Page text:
ALTHOUGH there had been many hints dropped along the way, this week’s announcement by Japanese PM Fumio Kishida that his country will throw open its borders to unrestricted tourism did little to suppress any of the ensuing elation in the Aussie travel sector.
From 11 October, independent tourists will once again be allowed to visit the Land of the Rising Sun without the need to travel in small group tours or book flights and accommodation through a travel agent, with caps on visitors and special visa requirements all to be abolished in only a few weeks time.
Before the pandemic, Japan was one of the fastest-growing destinations for international visitors, receiving almost 32 million arrivals in 2019, including over half-a-million (621,800) Australians, which at the time represented a rise of 12.6% on 2018 numbers.
This significant growth trend explains some of the reason why the Australian outbound sector was itching so vigorously for the news of border normalisation, not least because Japan had also been one of the last countries to keep its walls up in its fight to control the health damage of COVID-19 among its population.
In 2019, Japan became the seventh most popular international destination for Australians following more than 10 years of sharp visitor growth, and with pent-up demand remaining strong in Australia and a weaker Yen meaning Aussies will get more bang for their holiday buck, the likelihood of a travel surge to Japan 0ver the next six months appears a very safe bet – especially with the popular northern winter ski season approaching.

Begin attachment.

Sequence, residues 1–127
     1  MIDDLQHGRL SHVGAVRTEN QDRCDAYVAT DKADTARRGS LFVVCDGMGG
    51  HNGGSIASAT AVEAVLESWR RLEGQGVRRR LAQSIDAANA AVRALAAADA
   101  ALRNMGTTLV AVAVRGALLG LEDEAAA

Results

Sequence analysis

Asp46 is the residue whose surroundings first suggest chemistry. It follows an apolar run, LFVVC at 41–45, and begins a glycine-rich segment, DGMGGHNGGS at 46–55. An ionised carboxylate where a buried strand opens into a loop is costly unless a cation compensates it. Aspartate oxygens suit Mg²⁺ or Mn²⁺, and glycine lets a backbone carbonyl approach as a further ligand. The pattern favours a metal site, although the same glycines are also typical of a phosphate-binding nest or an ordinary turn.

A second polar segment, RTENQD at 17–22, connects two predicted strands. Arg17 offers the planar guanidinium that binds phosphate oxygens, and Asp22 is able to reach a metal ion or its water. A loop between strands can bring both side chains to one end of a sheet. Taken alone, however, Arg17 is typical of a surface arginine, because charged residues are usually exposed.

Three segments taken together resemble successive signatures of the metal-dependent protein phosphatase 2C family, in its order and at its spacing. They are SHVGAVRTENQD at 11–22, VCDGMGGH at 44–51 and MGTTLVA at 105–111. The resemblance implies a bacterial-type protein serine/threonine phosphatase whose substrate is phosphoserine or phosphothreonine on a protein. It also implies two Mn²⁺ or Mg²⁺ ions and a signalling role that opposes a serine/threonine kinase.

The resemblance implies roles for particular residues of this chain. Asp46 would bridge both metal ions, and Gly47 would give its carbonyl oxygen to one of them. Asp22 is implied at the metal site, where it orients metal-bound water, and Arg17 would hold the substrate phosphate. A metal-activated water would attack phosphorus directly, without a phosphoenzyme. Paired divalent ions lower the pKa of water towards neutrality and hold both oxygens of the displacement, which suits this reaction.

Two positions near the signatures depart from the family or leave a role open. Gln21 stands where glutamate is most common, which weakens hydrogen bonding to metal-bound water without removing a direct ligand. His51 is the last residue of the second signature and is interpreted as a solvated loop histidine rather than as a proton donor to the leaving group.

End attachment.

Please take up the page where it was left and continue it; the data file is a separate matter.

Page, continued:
For JNTO Sydney Executive Director Yoko Tanaka, the country is likely to see a strong take-up of bookings from Aussies simply because much of its appeal can’t be replicated by neighbouring Asian markets.
“Ultimately, Japan’s strength and appeal as a travel destination lies in our difference, we can offer experiences that can’t be found anywhere else in the world,” Tanaka said.
“Where else can you soak in a natural hot-spring with a view of Mt Fuji, adding the news would be also be warmly welcomed by travellers planning snowsports trips over the winter, or those booking ahead for the popular cherry blossom season next year.
Unvaccinated travellers will still need to provide proof of a negative test before departure.